Top 10 Parenting Pitfalls
Experts offer advice that will help you raise a well-behaved child -- instead of a brat.
The Car Ride continued...
Brat-building response: "If you just start yelling and
screaming at her, it's not going to help," Kindlon tells WebMD. "And a
major mistake most parents make is to give the child an ultimatum, like 'If you
keep this up you're not going to watch TV when you get home.'"
But even though their tantrum continues ad nauseam, the TV goes on when the
family gets home because the parent is beaten down.
"This teaches a child that the best way to get what they want is to
behave like a brat," says Kindlon.
Angel-building response: "Plan ahead," says Kindlon
"Bring snacks, games, and things to keep them entertained in the car. If
that doesn't work, help them understand the consequences of their behavior.
Again, with the ultimatum, if you use one, stick to it: 'If you don't stop
behaving this way, you don't get to watch TV when you get home.'"
The Lack of Respect
Your kid just called you a name, or talked back, or showed you some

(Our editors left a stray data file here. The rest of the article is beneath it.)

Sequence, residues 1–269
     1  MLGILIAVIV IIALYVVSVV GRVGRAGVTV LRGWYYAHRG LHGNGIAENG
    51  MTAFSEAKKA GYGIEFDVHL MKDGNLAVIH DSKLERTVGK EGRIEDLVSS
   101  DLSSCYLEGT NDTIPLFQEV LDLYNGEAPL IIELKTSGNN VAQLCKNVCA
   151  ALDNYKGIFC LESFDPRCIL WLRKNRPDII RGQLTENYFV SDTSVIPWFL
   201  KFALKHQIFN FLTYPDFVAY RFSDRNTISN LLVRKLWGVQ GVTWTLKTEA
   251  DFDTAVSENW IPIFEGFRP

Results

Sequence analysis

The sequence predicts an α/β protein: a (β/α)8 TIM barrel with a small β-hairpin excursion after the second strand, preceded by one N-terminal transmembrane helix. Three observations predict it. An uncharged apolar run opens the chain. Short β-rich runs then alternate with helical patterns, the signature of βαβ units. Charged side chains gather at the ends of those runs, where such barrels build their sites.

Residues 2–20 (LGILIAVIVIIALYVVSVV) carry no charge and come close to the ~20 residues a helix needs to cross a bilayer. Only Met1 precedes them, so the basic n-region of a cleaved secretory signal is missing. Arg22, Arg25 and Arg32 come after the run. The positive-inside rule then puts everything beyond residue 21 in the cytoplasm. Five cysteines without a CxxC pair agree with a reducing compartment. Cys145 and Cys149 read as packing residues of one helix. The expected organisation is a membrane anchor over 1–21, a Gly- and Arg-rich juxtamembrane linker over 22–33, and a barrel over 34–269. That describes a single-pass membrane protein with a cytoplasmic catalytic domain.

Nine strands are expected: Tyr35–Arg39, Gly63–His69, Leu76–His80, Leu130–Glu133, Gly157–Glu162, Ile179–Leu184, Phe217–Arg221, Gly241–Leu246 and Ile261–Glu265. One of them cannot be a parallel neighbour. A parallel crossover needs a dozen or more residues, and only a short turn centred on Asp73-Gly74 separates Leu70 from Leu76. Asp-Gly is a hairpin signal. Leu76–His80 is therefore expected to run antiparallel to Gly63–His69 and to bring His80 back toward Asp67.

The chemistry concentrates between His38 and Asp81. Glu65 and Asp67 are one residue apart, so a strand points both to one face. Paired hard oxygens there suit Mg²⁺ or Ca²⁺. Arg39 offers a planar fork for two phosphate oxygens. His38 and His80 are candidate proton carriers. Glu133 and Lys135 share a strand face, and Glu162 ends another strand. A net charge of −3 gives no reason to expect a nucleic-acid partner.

all-around lack of what Aretha Franklin likes to call R-E-S-P-E-C-T.
Brat-building response: "If you sink to their level and
use the same language back at them, you're modeling bad behavior," says
Kindlon. "You're teaching them the wrong way to deal with something and
someone when you're upset."
Angel-building response: "Dock a kid fifty cents on
their allowance when they use a tone of voice or an inappropriate word you
don't like," says Kindlon. "Maintain your cool. Show mature behavior,
and give them consequences for their bad behavior."
You just sat down to dinner with your husband and three kids at a local
restaurant when the outbursts start.
Brat-building behavior: "What happens is there is talk
of punishment and threats at the restaurant, like 'I'm going to take way your
play date on Sunday,' or 'No TV for a week,'" says Paul Donahue, PhD,
director of Child Development Associates in Scarsdale, N.Y. "Punishments
don't work as well as a rewards, or the threats are idle because the kid knows
that the parent won't take away their TV."
Angel-building response: "Before you get to the
restaurant, tell your child what you expect in terms of behavior," says
Donahue. "If your behavior is good, here is what privilege will come your
way, whether its dessert at the restaurant, or that they get to watch a movie
when they get home."
Kids need to understand that their privileges are based on their behavior,
"While I'm not suggesting you bribe your kids or take them to Toys 'R'
Us because they sit at the dinner table, they need to understand that the
things they enjoy are privileges and they can have those things if they behave
well," says Donahue. "Kids have to have an understanding that good
behavior is expected, and if they behave well, good things will come their